T here is a special circle of hell reserved for journalists who “shame” their countries in the foreign press. While authoritarian leaders are not surprised — albeit very irritated — by the international journalists doing the same thing, the ones they share a homeland with provoke a special brand of ire and resentment.
For these leaders, absolute control over the information that crosses their country’s borders is essential. In his last column, published Wednesday in The Washington Post, Jamal Khashoggi emphasized that the government of Saudi Arabia and other authoritarian Arab governments’ “very existence relies on the control of information.”
It’s easy to control the message closer to home. Local news outlets who dare step out of the official government line are much easier to discipline. If the government can’t shut them down entirely or apply pressure on the publishers to censor the journalists in question, then they call them out in public speeches and slap familiar labels on them. These “traitors and foreign agents” criticize the government because they are indifferent to patriotism and love of country, the leaders explain, and therefore can’t acknowledge all the good being done. To make sure the message hits home, the authorities have pro-government outlets and tabloids flood the public sphere with disparaging stories about journalists’ private lives, attacking both their work and their character. They condition the public to distrust these journalists, reinforcing their hegemonic control over the country.
This isn’t something the foreign public picks up on, because of the swift manner in which these governments react, but more importantly because they don’t speak the local language. Unless a pesky international journalist or media advocacy organization ends up covering an incident of press freedoms being violated, the leader can rest assured that his carefully constructed image has been preserved abroad.
But when one of his own manages to wrangle free and write about corruption, nepotism, and the generally oppressive nature of the government in a foreign outlet, one that is beyond the government’s control and read by millions of people all over the world, the leader’s hands are tied. They can’t go to UN summits or speak at conferences and keep pretending everything is OK. It’s like when an abused child tells the neighbors that he is being mistreated by an overbearing parent. The parent has hoped to keep his or her behavior limited to the confines of their home, but now everyone knows because the child told. And everyone believes the child. The child was there.
We should resist the orientalist urge to write off the Khashoggi murder as a symptom of the Middle East. With increasingly authoritarian parties and politicians on the rise in Europe, similar behavior has been witnessed in countries like the Czech Republic and Serbia. President Aleksandar Vucic of Serbia is seen as a reformer in most European capitals, yet his country fell by 10 spots in the Reporters Without Borders index; calling out journalists and news outlets during public addresses has become his favorite sport. President Milos Zeman of the Czech Republic infamously displayed a dummy assault rifle at a press conference, with the words “For Journalists” inscribed on the side. The journalists in these countries work under increasingly difficult conditions and face more and more challenges when trying to draw attention to the disrespect and harassment they face at home.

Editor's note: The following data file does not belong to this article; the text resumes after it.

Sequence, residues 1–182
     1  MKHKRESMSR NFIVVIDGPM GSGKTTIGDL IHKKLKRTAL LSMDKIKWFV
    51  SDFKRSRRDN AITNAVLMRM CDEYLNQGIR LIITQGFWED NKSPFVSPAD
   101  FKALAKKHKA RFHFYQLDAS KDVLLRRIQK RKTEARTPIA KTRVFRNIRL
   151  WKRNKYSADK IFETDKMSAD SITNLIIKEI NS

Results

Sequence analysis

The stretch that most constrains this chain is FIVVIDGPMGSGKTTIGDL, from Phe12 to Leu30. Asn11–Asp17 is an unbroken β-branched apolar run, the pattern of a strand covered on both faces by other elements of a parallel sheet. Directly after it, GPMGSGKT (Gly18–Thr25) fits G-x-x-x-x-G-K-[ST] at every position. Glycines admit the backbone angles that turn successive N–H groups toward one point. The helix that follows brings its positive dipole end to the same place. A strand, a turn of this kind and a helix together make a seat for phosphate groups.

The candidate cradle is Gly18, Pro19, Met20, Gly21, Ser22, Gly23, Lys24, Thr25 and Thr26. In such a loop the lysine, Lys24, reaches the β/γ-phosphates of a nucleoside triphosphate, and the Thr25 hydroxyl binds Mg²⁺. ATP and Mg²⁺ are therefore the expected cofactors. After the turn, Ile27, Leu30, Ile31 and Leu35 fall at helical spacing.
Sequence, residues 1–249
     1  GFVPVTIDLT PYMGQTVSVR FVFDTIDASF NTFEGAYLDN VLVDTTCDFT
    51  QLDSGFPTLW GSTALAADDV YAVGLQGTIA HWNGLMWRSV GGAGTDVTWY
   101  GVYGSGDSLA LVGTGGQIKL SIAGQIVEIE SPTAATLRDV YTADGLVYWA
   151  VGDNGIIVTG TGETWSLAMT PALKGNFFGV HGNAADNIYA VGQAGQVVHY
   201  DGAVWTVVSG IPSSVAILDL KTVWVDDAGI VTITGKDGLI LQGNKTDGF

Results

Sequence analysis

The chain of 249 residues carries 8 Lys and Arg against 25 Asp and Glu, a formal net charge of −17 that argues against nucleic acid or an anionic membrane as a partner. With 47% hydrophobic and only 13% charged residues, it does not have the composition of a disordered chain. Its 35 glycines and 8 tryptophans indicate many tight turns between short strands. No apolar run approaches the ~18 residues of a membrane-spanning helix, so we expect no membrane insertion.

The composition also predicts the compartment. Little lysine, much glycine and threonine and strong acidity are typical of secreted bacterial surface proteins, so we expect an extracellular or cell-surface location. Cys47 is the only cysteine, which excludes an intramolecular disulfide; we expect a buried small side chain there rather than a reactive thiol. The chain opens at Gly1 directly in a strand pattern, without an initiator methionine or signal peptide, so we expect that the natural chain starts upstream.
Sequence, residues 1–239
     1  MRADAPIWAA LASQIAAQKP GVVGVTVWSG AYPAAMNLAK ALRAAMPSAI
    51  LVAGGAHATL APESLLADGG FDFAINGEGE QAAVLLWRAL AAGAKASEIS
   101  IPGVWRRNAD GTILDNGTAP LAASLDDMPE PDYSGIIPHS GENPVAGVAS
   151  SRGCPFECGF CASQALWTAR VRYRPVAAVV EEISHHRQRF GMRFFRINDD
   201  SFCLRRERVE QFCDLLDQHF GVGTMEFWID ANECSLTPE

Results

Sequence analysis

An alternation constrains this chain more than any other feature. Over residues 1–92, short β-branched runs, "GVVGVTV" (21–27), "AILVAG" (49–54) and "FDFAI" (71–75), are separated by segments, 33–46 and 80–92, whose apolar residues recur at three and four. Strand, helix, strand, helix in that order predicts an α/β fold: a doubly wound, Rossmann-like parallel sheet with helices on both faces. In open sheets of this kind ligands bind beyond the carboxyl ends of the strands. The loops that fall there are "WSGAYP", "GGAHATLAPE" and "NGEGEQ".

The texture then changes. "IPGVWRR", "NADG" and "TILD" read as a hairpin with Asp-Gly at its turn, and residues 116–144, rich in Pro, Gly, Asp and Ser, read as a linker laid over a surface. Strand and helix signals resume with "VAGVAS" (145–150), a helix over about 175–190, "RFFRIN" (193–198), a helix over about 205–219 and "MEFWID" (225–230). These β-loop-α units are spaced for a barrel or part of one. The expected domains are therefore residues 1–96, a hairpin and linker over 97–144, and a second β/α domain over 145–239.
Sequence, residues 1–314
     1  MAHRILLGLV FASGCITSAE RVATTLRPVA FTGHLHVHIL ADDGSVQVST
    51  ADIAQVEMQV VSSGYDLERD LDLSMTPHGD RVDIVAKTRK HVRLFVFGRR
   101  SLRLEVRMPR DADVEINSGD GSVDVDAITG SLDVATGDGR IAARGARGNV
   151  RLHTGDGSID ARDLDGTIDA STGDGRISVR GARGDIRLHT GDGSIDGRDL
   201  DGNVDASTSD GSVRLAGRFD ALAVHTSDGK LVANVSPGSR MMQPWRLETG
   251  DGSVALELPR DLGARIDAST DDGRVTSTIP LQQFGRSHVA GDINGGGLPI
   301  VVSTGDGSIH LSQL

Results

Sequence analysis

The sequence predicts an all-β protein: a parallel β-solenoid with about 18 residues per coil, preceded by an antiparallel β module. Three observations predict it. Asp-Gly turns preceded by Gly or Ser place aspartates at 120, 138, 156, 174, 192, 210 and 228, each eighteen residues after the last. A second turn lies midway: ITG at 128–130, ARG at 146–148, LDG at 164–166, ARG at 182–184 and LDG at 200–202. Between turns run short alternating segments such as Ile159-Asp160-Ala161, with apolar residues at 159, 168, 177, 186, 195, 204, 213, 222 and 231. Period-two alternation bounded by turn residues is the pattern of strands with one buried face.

Trump-style media attacks have become customary in Slovakia and Poland. Slovak journalists are still recovering from the murders of Ján Kuciak and his fiancée, Martina Kusnírov, in February, while their prime minister has called “some journalists . . . dirty anti-Slovak prostitutes.” Whenever there is something wrong with the way a country is governed — sanctions being imposed, a ruling party being criticized, a policy being skewered by foreign press — the local journalists are held to blame for misrepresenting that country. The inability of these politicians to accept any form of criticism or dissent has seen the largest drop in press freedoms in Europe in the past year, according to the RWB, even though it generally remains one of the safest areas for journalists to practice their profession.
Journalists who have managed to hold their governments accountable for their actions internationally have helped break the cycle of propaganda in their countries, create international solidarity networks, and highlight regressive social policies before they cause irreversible damage — which is usually when the foreign press starts paying attention. For the journalists themselves, it means they will always be seen as the ultimate enemies of the state by their repressive governments.
Una Hajdari is the 2018 Elizabeth Neuffer Fellow at the International Women’s Media Foundation and a research fellow at MIT’s Center for International Studies.